|Late Devonian Epoch|
|Frasnian||Middle Devonian||Late Devonian|
Early Devonian Epoch
Middle Devonian Epoch
Late Devonian Epoch
The organisms that survived the Frasnian-Famennian extinction were the ones that were to rule the Earth for the next sixty or so million years. Included were new types of coral, brachiopods, ammonoids, and a number of lineages of fish and tetrapods, as shown in the above illustration.
ATW050114. Map public domain. No rights reserved. An enormous, 2400 x 1200 pixel, unlabelled version of this map is available (free) in all the usual formats, including a Photoshop® *.psd file with each topographical type on a different layer. That one is 9 MB. Email email@example.com.
Following the annihilation of the reef organisms with the Frasnian-Famennian mass extinction, only scarce and greatly impoverished reef communities, consisting in the main of algal stromatolites, survived. It was not until well after the beginning of the Carboniferous period, some 10 or 15 million years later, that there was a resurgence in the reef biome.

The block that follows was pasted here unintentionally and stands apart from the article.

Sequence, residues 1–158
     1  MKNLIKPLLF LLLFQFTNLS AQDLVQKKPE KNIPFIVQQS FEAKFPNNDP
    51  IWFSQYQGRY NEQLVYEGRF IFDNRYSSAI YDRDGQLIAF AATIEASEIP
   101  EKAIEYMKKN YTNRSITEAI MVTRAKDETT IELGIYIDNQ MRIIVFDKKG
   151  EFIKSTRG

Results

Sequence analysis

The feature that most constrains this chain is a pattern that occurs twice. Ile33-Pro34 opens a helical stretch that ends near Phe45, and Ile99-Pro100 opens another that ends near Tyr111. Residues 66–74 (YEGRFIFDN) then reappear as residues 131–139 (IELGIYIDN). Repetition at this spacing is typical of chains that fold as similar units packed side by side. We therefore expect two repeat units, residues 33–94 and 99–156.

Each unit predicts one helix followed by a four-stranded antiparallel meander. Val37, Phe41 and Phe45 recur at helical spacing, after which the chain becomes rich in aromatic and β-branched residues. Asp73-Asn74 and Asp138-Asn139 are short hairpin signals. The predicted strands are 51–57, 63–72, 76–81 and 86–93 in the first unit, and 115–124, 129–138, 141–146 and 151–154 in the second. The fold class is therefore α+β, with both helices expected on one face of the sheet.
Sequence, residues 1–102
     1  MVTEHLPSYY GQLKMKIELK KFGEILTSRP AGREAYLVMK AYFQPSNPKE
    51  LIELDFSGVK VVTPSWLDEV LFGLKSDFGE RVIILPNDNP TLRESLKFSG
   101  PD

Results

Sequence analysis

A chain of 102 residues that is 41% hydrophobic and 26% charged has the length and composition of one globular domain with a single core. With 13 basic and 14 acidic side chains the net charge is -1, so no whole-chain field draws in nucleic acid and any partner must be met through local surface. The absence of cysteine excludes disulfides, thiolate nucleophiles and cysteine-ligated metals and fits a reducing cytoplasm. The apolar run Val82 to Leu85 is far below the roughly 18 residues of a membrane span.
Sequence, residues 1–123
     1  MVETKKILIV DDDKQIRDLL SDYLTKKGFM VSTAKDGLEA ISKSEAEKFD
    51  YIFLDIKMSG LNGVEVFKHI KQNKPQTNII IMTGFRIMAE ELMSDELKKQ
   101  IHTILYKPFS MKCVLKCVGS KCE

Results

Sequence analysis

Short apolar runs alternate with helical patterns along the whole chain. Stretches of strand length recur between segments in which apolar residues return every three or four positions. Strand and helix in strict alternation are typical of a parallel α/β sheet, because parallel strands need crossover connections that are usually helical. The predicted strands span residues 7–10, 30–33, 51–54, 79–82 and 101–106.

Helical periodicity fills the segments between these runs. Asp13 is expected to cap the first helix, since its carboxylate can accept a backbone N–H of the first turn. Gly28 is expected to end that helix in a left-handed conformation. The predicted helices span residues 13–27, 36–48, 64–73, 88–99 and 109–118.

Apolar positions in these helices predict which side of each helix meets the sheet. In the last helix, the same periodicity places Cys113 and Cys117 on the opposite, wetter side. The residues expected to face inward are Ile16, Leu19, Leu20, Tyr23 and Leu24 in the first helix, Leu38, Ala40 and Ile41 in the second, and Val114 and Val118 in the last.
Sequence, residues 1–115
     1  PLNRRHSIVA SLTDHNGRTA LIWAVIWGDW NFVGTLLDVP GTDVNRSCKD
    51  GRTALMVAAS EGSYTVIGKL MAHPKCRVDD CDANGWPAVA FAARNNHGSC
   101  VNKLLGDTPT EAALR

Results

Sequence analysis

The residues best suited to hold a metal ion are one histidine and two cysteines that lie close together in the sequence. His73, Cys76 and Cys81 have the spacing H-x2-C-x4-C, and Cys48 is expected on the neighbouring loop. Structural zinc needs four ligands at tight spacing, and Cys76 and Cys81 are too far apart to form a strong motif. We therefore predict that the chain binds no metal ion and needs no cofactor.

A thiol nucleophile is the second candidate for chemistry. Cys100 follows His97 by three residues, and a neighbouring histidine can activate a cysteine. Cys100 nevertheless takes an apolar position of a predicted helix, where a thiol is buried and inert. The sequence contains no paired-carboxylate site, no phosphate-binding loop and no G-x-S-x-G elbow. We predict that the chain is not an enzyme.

During the Late Famennian the seed habit evolved. The appearance of gymnosperms occurred when seeds within cup-shaped structures are recorded in an assemblage of 'ferns', lycophytes and progymnosperms in the Famennian deposits from the USA.
With the end of the Frasnian and the advent of Famennian time, brachiopod faunas are known to have undergone mass extinction of many important groups. Two entire orders, the Atrypida and Pentamerida, as well as many Orthid and Stropheodontid families, died out. Of a list of 71 Frasnian genera, only 10 survived into the Famennian. These are Atribonium, Aulacella, Crurithyris, Cupularostrum, Cytina, Cyrtospirifer, Productella, Retichonetes, Schizophora, and Steinhagella. The Early Famennian brachiopod post-extinction assemblage is dominated mainly by only two dwarf species which represent rhynchonellids and spiriferids. There is an intensive process of brachiopod rediversification. and the Frasnian survivors are joined by a new evolutionary radiation, including a great many new rhynchonellid, productid, athyrid, and spiriferid genera, some widely distributed. Thus the Carboniferous fauna actually began during the early Devonian (the productida became so common during the Carboniferous that one could actually call that period the "Age of Productids."
The characteristic scales of this lobe-finned fish have been found worldwide
length 75 cm
Devonian Times - a detailed yet very readable account of the important Late Devonian Red Hill fossil locality in Clinton County, north-central Pennsylvania.